Change: Thoughts from the Southeastern Council of Foundation's Annual Meeting in Asheville, NC

There is value in gathering annually with colleagues, stepping away from our daily routines and seeing our roles in a freshly-filtered light. We gather some new knowledge, and we identify ways to change ourselves and our charitable foundations for the better. We gain context for previously disconnected ideas, we find confirmation in the experiences of our colleagues, and we leave with the conviction to take concrete action in the coming year.

This year’s experience was particularly timely because of the economic crisis and the change in political leadership of the U.S. The economic consensus among conference attendees was predictably negative. In my last blog posting, I shared The Community Foundation’s response to this crisis. Today I want to focus on a particular insight about a shift in our country’s leadership power.

Juan Williams, journalist and author, spoke brilliantly about the transfer of political power in the U.S. from an older generation that wishes to keep things the way they are to a younger generation - particularly young women - who seek change. He posited that 25% of Americans are under the age of 18, that the population growth among minorities and immigrants is enormous and that women are increasingly occupying the positions of power in business and government. He credited Barack Obama’s success largely to legions of young female activists who gave generously and who canvassed and voted for him.

Williams’ comment about the increasing power of young women hit home to me. In the 1980’s, I was an adjunct professor of economics and investments at the University of Richmond. It struck me that all of the elected student representatives of the E. Claiborne Robins School of Business were women. I also couldn’t help but notice that many women would remain after class to query my guest speakers, while all of the men were out the door before the bell finished reverberating. I covered the names on papers I graded to be sure I wasn’t discriminating because the women were getting better grades.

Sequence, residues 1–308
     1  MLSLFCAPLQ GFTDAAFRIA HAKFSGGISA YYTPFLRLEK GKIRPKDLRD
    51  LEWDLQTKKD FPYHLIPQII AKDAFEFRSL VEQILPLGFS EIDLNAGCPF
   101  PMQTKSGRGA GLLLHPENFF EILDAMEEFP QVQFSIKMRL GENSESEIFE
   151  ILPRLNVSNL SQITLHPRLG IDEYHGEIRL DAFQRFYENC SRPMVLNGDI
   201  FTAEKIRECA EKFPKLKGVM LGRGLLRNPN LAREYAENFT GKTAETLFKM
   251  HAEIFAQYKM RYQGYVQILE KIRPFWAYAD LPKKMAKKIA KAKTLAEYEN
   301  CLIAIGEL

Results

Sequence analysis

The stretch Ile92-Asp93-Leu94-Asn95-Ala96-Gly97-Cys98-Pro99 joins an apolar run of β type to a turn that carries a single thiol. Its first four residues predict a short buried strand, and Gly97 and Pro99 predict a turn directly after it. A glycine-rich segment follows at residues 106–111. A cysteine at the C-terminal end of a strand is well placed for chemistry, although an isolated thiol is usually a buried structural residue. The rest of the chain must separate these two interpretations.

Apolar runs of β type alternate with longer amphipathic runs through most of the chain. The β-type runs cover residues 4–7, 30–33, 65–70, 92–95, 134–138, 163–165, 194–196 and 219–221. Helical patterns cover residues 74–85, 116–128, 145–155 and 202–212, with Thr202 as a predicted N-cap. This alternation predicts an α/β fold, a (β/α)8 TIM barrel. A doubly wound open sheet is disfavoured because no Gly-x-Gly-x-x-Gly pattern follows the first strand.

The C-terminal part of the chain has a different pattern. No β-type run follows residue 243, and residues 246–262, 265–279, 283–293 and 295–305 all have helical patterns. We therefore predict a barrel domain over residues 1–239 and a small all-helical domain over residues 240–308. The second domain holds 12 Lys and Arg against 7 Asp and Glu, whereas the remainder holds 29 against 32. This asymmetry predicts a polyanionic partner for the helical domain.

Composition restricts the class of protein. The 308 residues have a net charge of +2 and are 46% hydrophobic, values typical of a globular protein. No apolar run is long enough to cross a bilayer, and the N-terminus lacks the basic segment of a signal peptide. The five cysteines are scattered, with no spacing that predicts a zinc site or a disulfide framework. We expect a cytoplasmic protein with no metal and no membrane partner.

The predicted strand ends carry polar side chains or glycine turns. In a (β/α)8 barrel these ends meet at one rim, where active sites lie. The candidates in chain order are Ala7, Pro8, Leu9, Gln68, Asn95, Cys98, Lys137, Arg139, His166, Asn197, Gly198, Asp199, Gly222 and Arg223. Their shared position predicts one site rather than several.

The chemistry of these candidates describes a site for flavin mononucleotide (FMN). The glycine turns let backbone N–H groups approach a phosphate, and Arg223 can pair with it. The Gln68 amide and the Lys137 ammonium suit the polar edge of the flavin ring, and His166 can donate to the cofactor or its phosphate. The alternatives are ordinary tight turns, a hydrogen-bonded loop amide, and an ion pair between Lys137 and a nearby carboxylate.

I remember remarking to my dad, who had formerly been President & CEO of Thalhimer’s Department Stores and was about 70 at that time, my impression that women are going to take the leadership in corporate America. He replied, “Not any company that I know of!” You can picture his expression as he stared me down with this dictum. To his credit, Dad was right about most things, but not this one. The world was changing even then, and now we see it in a clearer light.

So, what will I do with Mr. Williams’ confirmation of my prior suspicions that the scales of power are tipping toward young women? As a 56-year-old male, I have more questions than answers. What do young women think about philanthropy? What motivates them? How do they perceive endowment building foundations? Do they wish to engage differently as donors? Do young women see our grantmaking priorities as relevant and effective? How is it that young women want to make an impact on the community?

One change is for certain. My focus needs to be less about my generation’s leadership and more about the transition of power to a younger generation. The overarching challenge in managing this change will be to conserve the core values that ought to transcend both generations.

Robert Thalhimer

Posted at 1:00 AM, Dec 04, 2008 in Philanthropic Strategy | Permalink | Comments (1)


Thank you Bobby for your review. When I grow up, I want to be able to write like you!


Marianne Gordon

Posted by: Marianne Gordon